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Die lustige Witwe
PREMIERE12/30/1905 — Theater an der Wien (Vienna)
COMPOSERFranz Lehár   
LIBRETTISTSLeo Stein   Viktor Léon   
Opera Ontario, Inc.
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DATETIMELOCATION
4/28/2001--,
Synopsis
Act I
With the ever-present musical backdrop of a waltz theme, Baron Mirko Zeta greets his guests at an embassy function and leads them in a toast. His wife, Valencienne, is speaking privately to a young attaché who fancies himself in love with her. She is flattered, but cautions him that she is a respectable married woman in the gentle song, “I am a dutiful wife.” Zeta is preoccupied with his concern over the arrival in Paris of the young widow, Hanna Glawari, whose now-deceased husband was the richest man in Pontevedro. He is concerned that she will marry a foreigner while she is in Paris, effectively removing her great fortune from their tiny country and creating a financial calamity.

Hanna arrives at the party fully aware of Zeta’s anxiety and soothes him by expressing her love for her homeland. Several suitors claim her attention and she leads them away. Lehar uses the entrance song to instantly characterize each of the principal roles. Hanna’s character is clearly demonstrated in her entrance aria as we immediately experience her glamour and observe her ability to handle the opposite sex. Also evident in this waltz number is the lilt and rubato (give and take rhythmically) expected of a performer. This practice was not notated in the score but is stylistically authentic. The next guest is Count Danilo Danilovich whose entrance aria promptly states his preference for spending his evenings with lovely ladies at the cabaret, Maxim’s. The frequent harmonic changes of the verse accompaniment certainly depict his fickleness when it comes to women. The refrain of his entrance song also makes use of rubato, gradually accelerating the tempo to paint the sensual dream-like quality of his favorite hangout. Danilo recoils upon hearing Hanna’s name but quickly comes face-to-face with her. They had once been in love but had been separated by Danilo’s uncle who prevented their marriage due to her unsuitability. Now Danilo is scornful of Hanna’s money and does not wish to appear interested in her.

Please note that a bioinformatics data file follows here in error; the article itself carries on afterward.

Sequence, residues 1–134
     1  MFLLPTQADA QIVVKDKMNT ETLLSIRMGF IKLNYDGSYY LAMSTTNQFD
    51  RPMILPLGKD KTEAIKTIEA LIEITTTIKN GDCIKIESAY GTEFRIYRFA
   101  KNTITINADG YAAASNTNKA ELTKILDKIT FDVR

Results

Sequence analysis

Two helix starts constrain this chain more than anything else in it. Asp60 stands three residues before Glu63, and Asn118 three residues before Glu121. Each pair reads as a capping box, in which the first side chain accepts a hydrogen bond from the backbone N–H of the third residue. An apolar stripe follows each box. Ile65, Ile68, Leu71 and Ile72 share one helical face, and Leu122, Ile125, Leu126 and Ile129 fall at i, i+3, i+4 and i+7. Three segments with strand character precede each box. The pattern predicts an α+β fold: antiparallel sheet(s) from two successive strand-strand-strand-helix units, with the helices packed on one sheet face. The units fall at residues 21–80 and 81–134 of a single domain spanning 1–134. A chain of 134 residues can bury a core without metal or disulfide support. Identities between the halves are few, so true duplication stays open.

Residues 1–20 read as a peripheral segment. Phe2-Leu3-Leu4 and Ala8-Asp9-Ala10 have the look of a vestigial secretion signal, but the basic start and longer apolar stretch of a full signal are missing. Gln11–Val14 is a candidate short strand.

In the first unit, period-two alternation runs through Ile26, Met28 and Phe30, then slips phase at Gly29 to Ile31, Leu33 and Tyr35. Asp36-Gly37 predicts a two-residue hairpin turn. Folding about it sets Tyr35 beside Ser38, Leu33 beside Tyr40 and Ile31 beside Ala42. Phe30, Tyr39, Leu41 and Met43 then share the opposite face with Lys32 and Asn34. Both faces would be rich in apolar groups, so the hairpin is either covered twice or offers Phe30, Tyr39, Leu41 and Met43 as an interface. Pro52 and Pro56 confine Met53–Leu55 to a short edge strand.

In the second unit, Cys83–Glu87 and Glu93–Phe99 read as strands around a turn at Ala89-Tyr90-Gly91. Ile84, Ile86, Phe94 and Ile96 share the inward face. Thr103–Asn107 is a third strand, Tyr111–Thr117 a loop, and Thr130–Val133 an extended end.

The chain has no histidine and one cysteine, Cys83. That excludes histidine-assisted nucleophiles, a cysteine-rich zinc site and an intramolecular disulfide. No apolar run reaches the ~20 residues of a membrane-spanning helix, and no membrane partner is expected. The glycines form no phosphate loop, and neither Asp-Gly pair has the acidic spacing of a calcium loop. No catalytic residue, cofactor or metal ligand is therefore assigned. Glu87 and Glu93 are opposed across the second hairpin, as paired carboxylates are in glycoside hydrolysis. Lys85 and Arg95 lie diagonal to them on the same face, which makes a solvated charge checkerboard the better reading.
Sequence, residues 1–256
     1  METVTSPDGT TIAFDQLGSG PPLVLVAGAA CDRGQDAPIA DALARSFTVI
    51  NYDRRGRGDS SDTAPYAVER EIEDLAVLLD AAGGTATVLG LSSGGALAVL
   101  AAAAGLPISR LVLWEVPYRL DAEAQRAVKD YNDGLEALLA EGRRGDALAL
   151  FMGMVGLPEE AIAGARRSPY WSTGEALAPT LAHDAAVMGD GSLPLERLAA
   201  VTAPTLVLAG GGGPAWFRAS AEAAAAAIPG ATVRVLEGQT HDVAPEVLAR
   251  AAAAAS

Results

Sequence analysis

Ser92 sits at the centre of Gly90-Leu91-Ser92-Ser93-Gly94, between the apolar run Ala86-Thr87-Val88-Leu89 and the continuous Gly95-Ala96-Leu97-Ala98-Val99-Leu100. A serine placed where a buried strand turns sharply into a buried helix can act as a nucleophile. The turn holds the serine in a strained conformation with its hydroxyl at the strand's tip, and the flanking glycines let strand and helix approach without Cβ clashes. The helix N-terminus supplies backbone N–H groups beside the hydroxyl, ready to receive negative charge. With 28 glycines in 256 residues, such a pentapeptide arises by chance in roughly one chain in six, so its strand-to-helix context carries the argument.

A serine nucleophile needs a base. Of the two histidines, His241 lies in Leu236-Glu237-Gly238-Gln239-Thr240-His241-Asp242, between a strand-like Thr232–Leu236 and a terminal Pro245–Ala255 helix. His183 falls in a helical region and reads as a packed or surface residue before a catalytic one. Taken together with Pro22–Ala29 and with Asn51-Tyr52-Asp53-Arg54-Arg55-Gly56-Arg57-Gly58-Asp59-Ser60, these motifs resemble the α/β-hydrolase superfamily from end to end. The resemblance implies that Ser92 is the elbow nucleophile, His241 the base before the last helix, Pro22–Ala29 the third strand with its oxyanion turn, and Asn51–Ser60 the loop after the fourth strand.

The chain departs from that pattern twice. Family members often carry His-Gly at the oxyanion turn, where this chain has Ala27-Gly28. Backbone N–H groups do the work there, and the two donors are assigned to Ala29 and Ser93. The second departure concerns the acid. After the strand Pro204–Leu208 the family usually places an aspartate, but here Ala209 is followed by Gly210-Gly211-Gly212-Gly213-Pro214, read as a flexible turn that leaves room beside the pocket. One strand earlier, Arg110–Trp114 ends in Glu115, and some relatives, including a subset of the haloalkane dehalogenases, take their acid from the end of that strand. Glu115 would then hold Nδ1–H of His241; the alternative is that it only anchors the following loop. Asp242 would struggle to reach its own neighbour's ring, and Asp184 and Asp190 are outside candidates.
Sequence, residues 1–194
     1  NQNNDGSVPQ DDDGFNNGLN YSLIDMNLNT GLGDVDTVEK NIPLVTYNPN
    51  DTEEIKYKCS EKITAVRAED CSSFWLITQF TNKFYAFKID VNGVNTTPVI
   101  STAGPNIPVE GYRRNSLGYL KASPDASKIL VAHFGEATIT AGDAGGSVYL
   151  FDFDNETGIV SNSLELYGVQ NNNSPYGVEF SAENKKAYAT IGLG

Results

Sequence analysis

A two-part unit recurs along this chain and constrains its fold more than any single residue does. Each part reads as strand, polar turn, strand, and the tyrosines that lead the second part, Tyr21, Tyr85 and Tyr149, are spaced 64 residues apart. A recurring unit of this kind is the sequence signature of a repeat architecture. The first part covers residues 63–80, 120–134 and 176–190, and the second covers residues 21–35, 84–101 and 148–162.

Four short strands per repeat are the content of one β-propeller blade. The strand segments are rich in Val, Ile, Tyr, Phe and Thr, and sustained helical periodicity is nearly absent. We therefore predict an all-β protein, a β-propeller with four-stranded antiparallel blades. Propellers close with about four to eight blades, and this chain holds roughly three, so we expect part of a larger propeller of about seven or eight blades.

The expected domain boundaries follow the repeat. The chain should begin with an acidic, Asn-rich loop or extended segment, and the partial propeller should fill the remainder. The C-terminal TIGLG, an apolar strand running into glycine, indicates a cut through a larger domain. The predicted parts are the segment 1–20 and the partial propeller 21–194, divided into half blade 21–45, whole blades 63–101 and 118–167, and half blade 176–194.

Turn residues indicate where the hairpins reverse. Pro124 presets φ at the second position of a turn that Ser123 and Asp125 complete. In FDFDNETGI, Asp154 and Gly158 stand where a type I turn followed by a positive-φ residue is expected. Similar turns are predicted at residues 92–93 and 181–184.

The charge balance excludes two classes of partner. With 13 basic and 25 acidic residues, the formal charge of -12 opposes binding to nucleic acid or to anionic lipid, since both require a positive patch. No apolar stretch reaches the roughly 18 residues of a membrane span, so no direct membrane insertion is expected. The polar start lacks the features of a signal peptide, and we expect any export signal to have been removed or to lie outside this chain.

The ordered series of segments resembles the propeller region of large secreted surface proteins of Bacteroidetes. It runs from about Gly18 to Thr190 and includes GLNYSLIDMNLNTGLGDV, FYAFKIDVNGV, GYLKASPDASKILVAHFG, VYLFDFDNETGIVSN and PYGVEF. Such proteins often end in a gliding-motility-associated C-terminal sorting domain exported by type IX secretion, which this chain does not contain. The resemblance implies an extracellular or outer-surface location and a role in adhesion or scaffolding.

Baron Zeta notices Danilo and Hanna together and seizes the moment, telling Danilo that it is his patriotic duty to marry Hanna thereby keeping her great fortune in Pontevedro. The dancing has begun and a ladies’ choice is announced. Hanna’s suitors are hovering close by, hoping for an invitation, but Hanna chooses Danilo who at first makes the excuse that he can’t dance and then offers to sell his dance with Hanna for 10,000 francs. Her other suitors are discouraged by the amount and walk away. Left alone, Danilo acquiesces to dance with Hanna who refuses him in exasperation. Danilo ends up dancing without a partner. Musically the action of Act I culminates with the ballroom dance number that closes the act. Lehar crafts a perfectly sculptured melody combined with a bit of chromaticism and syncopation. The ensemble number is introduced by Danilo and repeated by the full orchestra and chorus.

Act II
The following day Hanna hosts a party where the guests are treated to authentic Pontevedrian singing and dancing. The music takes the form of a spirited Polonaise and then a nationalistic dance called the kolo. Hanna entertains the group with the ballad of “Vilja,” a woodland sprite who falls in love with a mortal man. “Vilja” is probably the most famous melody of the operetta. Beginning on a pianissimo (ppp) then soaring to a high “G” on the repeat of the sprite’s name, there is an enchanting, bewitching feel to the melodic line.